Object Description: This complex and stunning area of nebulosity (Sh2-101) is commonly known as the “Tulip Nebula”. It is located in Cygnus, about a couple of degrees southwest of NGC6888, the “Crescent Nebula”.
This area is strong in Ha and SII emissions, and is located about 2,000 light years away from us. Sh2-101 lies inside the Orion spiral arm of our galaxy, as does our own solar system.
The star believed to be fueling the emissions of the Tulip nebula is HDE 227018 (see below).
This image also shows the famous Cygnus X-1 system. Cygnus X-1 is the brightest source of hard X-rays in our sky. It is a binary system, consisting of HDE 226868, a large blue super giant, and a companion that is thought to be a “black hole”. The more compact of the two objects in the system is thought to be between 20 and 35 solar masses. Since the largest possible mass of a neutron star can not exceed three solar masses, the compact object is almost certainly a black hole. HDE 226868, highlighted below, is an O9-B0 supergiant with a surface temperature of 31,000 kelvins, comprising about 20-40 solar masses. These two objects share an orbital periodicity of 5.6 days.
The matter being stripped off HDE 226868 by the black hole's powerful gravity forms an accretion disk around the black hole, as well as forming an associated wind corona from the blue supergiant. This process results in the plentiful X-ray emissions that were first discovered 30 years ago (Bowyer et al. 1965). The distance to Cygnus X-1 is about 8,000 light years, or 2,500 parsecs (see below).
These images were processed by incorporating Ha, SII, and RGB data, taken over several nights during May of 2007. Taken with a TMB 203 F/7, and an STL-6303 camera equipped with Astrodon filters.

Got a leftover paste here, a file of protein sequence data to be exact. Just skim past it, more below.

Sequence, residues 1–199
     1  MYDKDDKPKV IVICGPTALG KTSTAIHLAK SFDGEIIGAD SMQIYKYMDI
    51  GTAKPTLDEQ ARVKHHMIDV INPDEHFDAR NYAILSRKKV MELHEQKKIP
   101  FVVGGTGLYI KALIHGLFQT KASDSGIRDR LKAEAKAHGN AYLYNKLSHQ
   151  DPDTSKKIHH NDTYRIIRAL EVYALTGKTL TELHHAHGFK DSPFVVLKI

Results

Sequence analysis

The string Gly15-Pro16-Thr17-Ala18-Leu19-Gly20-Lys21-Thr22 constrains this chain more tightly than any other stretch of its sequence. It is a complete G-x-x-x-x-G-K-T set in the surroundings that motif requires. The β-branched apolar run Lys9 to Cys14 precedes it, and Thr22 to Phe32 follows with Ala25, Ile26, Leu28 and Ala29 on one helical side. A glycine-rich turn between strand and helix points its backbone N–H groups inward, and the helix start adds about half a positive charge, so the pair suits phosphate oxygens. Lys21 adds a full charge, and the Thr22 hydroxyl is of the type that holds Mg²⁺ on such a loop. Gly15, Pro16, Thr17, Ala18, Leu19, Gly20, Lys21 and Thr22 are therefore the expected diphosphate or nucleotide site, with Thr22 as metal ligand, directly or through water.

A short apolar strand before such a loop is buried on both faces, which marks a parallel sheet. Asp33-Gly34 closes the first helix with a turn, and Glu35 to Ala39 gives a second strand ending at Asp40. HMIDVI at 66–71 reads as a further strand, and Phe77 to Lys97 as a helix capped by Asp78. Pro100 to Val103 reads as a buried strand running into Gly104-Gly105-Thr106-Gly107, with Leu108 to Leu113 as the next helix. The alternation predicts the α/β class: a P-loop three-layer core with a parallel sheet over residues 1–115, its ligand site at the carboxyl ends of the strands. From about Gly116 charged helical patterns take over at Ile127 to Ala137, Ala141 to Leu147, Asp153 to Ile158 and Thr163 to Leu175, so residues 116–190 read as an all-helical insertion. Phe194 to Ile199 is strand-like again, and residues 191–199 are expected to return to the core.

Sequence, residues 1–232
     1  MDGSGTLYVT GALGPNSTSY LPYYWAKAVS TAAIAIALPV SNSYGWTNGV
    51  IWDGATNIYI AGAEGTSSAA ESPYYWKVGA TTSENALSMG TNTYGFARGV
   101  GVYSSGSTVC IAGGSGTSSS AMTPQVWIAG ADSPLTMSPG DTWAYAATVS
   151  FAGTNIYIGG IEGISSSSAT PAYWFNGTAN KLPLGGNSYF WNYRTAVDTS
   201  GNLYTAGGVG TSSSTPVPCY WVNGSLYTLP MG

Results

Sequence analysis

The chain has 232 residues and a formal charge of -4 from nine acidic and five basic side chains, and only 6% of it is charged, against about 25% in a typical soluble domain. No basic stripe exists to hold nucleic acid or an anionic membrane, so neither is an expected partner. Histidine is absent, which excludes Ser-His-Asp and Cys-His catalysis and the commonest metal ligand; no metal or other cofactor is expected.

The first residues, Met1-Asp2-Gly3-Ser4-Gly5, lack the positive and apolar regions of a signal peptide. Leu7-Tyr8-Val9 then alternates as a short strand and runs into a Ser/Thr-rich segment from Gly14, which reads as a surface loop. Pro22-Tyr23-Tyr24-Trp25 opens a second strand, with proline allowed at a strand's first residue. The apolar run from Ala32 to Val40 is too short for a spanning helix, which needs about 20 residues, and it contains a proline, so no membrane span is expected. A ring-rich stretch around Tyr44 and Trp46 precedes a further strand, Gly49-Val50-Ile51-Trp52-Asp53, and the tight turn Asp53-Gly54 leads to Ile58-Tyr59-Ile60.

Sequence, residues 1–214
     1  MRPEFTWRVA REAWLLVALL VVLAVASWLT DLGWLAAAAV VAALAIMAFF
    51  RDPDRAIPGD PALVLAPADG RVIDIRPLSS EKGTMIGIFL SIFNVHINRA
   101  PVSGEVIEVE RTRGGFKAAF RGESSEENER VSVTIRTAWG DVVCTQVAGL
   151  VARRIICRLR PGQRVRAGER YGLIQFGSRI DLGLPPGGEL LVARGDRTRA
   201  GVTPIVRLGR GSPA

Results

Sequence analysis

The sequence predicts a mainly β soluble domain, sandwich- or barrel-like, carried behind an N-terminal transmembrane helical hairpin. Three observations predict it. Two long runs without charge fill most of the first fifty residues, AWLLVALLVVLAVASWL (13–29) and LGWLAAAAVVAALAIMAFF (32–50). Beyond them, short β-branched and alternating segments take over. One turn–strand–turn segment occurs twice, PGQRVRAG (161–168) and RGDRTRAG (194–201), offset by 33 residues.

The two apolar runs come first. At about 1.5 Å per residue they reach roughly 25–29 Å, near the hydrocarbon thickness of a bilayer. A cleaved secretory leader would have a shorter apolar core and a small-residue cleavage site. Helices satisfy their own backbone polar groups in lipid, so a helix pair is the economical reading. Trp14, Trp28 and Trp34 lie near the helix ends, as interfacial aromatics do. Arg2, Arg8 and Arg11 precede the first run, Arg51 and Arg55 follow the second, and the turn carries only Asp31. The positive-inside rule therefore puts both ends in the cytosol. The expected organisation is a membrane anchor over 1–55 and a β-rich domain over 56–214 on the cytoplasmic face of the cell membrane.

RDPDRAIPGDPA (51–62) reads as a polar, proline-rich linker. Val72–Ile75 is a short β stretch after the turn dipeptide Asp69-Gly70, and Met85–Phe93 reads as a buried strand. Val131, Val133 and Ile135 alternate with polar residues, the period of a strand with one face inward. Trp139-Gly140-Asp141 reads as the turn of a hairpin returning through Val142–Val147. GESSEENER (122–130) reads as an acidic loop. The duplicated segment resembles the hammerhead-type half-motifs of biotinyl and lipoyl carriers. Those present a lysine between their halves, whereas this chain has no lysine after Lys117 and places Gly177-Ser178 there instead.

This image illustrates the star that excites the "Tulip Nebula" area, HDE 227018.
This image illustrates the famous Cygnus X-1 binary system.
Dates Taken: - 5/4/2007 through 5/9/2007 Equipment Used: - TMB 203 F/7 - SBIG STL-6303 - Paramount ME - FLI PDF - Astrodon 50mm filters Exposures: - Ha: 10x30 minute subs, totaling 5 hours - SII: 7x30 minute subs, totaling 3 hours, 30 minutes - RGB: 6x8 minute subs each channel, 48 minutes per channel, or two hours and 24 minutes in total Processing: This image was done up an Ha/SII + RGB image.
First processed as an Ha/sG/SII narrowband image. The Ha was assigned to red, the SII to blue, and I used Noel Carboni's Photoshop Actions to synthesize the green data.
The RGB was processed traditionally, and incorporated into the Ha/sG/SII image in two steps: The main RGB nebulosity was incorporated at a fairly low opacity, while the RGB stars were incorporated in at 100%, in "color" blend mode.